BID Daily Newsletter
May 27, 2021

BID Daily Newsletter

May 27, 2021

Why The Gig Worker Should Get Your Attention

Summary: Did you know that gig workers make up over one-third of the workforce in the US? Yet, their financial needs are mainly addressed by fintechs. We bring you up-to-speed on this labor sector including the reasons they want to work independently, why conventional risk assessment may not work, how fintechs are courting gig workers, and what financial services gig workers need.

In the 1940s, the Pepsi-Cola Company began giving gold watches to longtime employees when they retired as a thank you for the time they had devoted to the company. This practice was adopted by many major businesses and remained commonplace for much of the 20th Century. Yet, as time changed, so too did the idea of people dedicating their entire career to a single organization. Today, the average person will hold 12 different jobs during their work life, according to the Bureau of Labor Statistic
Not only has the number of jobs that people have worked changed over the years, but also the way they have worked. People increasingly seek out greater flexibility and work-life balance, and so freelance and contract jobs have become more and more popular. This trend has gained additional momentum since the start of the pandemic and is not expected to reverse. But, when it comes to the financial needs of the emerging gig economy, traditional financial institutions don’t seem to be lining up. In their absence, many fintechs are aggressively targeting this fast-growing group.
Gig workers make up over a third of the workforce. According to a Gallup poll, the gig economy currently comprises 59MM people (36%). Of that group, 42% is made up of younger talent. The gig economy is also growing at 3x the rate of US labor as a whole.
A number of gig workers are doing freelancing in addition to their main job. The latest Gig Economy Index finds that approximately 40% of Americans in the labor force make 40% of their income by freelancing.

Reasons why they work independently.
Both businesses and employees look for more versatility regarding employment arrangements and so, the gig economy has expanded. It provides more work-life balance on the part of workers and cheaper, benefit-free labor on the part of employers. Interestingly, it seems flexibility is not the only reason gig workers favor independent contracting. A variety of surveys uncovered the fact that 63% of gig workers find working for an assortment of clients is more reliable than for one employer — a type of project diversification.
Conventional risk assessments often don’t work. Gig workers do not fit neatly into traditional risk assessment models. Since the credit reports and metrics that financial institutions rely on to determine an individual’s loan worthiness are built around traditional streams of income, freelancers and gig workers are often passed over by lenders. As a result of such constraints, a large portion of the gig worker community is underbanked. This could be an opportunity for community financial institutions (CFIs) though.
Using more tailored measures, such as helping them manage cash flow with financial guidance or providing step-by-step offerings (such as increased credit limits once payments are made), CFIs could find some of these gig workers become solid customers.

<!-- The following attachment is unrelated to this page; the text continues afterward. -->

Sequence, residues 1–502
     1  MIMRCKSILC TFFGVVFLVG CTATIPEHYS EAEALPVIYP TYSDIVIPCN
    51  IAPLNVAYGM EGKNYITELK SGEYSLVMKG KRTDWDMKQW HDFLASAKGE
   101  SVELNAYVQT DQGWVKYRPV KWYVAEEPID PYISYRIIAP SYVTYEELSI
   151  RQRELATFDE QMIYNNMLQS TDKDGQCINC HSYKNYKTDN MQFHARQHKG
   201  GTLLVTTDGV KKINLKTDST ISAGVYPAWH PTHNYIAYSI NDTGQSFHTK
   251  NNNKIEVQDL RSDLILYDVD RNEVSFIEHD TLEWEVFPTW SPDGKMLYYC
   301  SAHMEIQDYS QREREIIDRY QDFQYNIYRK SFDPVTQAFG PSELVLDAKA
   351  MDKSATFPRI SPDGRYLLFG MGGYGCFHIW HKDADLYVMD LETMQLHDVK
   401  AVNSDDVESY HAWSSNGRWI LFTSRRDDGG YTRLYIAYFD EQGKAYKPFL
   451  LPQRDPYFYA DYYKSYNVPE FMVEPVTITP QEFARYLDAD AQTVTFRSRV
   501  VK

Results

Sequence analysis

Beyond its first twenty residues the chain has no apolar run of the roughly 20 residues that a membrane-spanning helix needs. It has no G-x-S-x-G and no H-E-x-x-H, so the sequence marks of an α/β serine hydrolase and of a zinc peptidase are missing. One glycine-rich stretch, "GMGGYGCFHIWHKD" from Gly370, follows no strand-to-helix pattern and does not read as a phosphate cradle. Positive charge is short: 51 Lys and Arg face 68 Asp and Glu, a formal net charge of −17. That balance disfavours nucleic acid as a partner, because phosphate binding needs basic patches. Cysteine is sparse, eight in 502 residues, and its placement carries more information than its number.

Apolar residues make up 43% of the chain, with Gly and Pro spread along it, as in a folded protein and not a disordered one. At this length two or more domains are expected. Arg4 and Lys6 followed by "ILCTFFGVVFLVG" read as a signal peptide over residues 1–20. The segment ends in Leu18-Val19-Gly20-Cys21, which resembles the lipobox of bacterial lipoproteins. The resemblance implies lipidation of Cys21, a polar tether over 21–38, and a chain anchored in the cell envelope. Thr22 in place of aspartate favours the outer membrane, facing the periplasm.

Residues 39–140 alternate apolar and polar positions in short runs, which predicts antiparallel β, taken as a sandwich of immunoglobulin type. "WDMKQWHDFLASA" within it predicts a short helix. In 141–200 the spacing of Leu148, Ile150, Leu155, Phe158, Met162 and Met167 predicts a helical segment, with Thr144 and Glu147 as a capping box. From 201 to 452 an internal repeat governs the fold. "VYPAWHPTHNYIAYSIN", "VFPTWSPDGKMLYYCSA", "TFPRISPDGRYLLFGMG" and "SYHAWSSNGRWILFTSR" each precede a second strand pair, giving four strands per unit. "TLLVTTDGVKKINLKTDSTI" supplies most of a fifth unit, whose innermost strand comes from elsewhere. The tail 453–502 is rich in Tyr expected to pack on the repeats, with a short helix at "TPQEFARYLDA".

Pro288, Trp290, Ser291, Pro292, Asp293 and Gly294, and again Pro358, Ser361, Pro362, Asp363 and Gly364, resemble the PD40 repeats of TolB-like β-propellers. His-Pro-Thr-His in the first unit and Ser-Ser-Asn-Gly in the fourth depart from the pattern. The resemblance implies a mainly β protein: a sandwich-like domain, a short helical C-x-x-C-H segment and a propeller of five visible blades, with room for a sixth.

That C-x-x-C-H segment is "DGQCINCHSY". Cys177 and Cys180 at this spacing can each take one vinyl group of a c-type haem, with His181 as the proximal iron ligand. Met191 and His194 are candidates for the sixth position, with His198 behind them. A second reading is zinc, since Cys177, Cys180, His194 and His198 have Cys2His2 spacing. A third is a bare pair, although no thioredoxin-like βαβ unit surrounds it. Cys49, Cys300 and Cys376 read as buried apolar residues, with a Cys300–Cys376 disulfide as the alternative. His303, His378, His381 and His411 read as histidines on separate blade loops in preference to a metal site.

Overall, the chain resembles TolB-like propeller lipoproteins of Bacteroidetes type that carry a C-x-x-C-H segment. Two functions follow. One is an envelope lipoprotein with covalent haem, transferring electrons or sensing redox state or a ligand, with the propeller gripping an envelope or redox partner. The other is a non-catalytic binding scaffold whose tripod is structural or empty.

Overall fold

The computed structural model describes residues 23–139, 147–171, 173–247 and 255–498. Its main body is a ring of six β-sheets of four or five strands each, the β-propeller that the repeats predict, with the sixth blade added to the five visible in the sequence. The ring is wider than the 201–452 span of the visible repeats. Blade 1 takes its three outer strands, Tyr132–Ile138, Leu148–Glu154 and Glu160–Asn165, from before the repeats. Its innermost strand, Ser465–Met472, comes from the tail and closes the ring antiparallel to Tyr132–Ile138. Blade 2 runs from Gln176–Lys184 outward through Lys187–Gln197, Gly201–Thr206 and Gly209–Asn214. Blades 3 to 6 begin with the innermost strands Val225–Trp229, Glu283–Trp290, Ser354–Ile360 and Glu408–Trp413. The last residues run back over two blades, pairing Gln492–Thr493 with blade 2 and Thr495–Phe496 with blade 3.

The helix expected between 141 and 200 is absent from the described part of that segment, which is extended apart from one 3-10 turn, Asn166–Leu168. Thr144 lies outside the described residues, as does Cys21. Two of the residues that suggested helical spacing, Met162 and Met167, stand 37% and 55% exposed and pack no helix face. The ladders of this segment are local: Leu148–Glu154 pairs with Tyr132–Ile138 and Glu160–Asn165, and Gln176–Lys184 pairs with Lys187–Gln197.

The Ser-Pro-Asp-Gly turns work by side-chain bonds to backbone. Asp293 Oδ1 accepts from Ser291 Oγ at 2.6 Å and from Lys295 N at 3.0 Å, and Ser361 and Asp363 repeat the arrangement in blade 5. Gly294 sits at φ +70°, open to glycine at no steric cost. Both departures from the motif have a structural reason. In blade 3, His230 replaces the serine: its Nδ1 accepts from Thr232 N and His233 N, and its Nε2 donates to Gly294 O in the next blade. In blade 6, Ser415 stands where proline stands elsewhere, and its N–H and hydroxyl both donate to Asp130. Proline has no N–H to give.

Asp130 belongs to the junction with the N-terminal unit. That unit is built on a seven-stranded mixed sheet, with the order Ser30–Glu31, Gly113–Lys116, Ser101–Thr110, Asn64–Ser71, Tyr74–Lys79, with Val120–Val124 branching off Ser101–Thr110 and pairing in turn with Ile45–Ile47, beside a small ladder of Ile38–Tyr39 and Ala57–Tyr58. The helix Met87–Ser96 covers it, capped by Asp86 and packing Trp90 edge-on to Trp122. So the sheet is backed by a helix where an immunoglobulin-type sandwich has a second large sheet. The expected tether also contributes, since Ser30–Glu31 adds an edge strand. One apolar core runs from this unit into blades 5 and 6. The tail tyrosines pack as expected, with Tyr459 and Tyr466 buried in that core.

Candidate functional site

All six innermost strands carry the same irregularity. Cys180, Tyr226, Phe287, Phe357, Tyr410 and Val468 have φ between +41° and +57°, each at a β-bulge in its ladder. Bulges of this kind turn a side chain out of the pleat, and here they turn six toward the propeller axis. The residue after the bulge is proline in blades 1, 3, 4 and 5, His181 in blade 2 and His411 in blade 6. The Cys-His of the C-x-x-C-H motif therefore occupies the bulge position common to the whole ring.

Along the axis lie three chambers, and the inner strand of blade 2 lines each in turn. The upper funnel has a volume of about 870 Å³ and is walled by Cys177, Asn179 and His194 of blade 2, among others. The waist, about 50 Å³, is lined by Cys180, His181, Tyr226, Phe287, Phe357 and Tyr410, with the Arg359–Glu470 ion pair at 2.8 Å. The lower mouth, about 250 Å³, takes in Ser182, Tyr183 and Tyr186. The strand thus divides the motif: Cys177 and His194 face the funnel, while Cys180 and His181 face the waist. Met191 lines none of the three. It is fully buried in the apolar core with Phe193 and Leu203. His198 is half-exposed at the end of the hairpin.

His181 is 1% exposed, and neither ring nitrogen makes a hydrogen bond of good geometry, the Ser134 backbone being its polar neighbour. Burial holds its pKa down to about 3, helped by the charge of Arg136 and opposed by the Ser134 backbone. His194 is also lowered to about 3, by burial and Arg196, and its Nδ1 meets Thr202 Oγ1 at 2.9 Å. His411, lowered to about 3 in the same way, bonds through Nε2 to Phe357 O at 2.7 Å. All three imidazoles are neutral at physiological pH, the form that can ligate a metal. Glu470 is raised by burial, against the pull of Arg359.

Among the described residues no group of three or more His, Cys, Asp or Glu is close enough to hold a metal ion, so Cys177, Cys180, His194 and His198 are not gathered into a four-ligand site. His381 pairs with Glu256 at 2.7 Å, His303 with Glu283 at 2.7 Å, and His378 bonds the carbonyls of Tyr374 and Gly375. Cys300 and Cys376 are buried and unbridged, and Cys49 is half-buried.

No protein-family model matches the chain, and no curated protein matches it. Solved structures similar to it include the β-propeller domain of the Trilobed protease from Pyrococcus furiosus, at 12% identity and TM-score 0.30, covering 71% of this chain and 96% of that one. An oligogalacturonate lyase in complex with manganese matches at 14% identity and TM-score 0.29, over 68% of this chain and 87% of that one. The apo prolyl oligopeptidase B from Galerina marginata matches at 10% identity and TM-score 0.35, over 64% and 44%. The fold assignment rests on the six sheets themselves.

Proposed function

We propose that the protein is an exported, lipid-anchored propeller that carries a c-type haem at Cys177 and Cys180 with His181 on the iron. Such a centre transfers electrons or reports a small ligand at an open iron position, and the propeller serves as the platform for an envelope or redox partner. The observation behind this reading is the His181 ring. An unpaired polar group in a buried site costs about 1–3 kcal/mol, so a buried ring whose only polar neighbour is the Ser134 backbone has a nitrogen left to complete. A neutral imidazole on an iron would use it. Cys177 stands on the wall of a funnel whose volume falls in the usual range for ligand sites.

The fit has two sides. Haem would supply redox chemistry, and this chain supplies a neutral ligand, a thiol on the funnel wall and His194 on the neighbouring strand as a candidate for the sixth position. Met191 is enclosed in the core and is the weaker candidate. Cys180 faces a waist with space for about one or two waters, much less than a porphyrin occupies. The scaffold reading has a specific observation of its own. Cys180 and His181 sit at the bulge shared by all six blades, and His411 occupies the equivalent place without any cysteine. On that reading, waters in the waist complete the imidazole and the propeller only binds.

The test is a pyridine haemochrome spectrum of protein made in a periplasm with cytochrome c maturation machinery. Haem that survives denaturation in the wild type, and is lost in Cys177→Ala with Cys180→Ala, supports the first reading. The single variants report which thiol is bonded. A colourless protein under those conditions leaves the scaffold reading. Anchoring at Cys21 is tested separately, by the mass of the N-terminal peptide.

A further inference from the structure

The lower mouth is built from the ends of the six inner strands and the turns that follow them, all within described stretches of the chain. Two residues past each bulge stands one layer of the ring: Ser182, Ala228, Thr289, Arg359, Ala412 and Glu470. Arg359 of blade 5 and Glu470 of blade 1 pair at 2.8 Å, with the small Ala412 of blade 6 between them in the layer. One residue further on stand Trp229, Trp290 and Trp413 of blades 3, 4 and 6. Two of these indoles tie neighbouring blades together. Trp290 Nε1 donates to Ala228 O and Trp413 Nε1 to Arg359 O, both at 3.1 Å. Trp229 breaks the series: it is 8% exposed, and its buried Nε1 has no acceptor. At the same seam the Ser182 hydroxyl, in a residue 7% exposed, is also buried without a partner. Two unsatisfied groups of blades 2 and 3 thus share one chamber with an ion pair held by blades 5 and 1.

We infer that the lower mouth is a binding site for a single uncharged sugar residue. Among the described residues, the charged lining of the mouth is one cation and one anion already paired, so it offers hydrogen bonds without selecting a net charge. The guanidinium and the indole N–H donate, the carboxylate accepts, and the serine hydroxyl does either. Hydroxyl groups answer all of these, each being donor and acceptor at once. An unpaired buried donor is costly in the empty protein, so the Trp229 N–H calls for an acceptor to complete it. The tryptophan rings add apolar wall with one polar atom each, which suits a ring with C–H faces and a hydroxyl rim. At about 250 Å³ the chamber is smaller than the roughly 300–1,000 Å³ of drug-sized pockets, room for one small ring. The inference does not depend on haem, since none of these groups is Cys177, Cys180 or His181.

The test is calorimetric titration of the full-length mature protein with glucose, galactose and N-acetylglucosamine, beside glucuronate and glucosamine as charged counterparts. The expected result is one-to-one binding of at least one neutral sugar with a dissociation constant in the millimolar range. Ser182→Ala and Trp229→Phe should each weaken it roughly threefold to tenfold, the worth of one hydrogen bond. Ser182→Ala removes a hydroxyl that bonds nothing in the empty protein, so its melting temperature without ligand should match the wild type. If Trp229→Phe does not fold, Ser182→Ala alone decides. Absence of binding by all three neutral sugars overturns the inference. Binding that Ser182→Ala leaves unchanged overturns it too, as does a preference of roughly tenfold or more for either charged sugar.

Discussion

Fintechs are actively courting gig workers. Several fintechs have already begun courting this group, by adapting banking services to the unique needs of gig workers and even the businesses that employ them. Among them are digital-only Oxygen Bank and Qwil, which lends money to freelancers who are waiting on payments. Other organizations serving this group are Green Dot, which is used by Uber for banking services, and digital-only Grasshopper Bank.
PNC Bank is the only traditional financial institution we have found specifically catering to this group. It offers gig-related services through a product called Indi, that provides banking services on the go, the ability to save for taxes, and track expenses — all in one app
Gig workers need financial services. Beyond loans, there are multiple other areas where CFIs could consider tailoring their offerings for gig workers. Instant access to payments is a big need for gig workers, for instance. Yet, while organizations such as Uber provide their workers with immediate payments, many financial institutions don’t have the ability to receive such instant transactions. Eliminating delays would make CFIs more appealing to this group. 
Other services CFIs may want to review include financial advice, given the unique needs of this group, specifically regarding tax payments. 
There are many ways to assist this burgeoning group for their financial well-being. While it may take a little more tailoring and finetuning, reaching out to them to better understand the ways you can assist them could serve you both well.
Subscribe to the BID Daily Newsletter to have it delivered by email daily.

Recent Articles:

What To Consider For Digital Inclusivity
The CDC reports that 25% of Americans live with a disability. So, it is important to provide accessible digital options for all. The key drivers include compliance, but also greater inclusivity and the best user experience. What accessibility features are available? Talk to your core provider to ensure you can support all of your customers now with the digital tools they need.
Four Ways To Successfully Ramp Up SMB Lending
As the economy opens up more and more, community financial institutions will be looking for ways to use their liquidity and boost SMB lending. We give you a few ways to do that: leverage automated processes, continue to offer SBA loans, boost construction lending (in the right markets), and create new lending niches.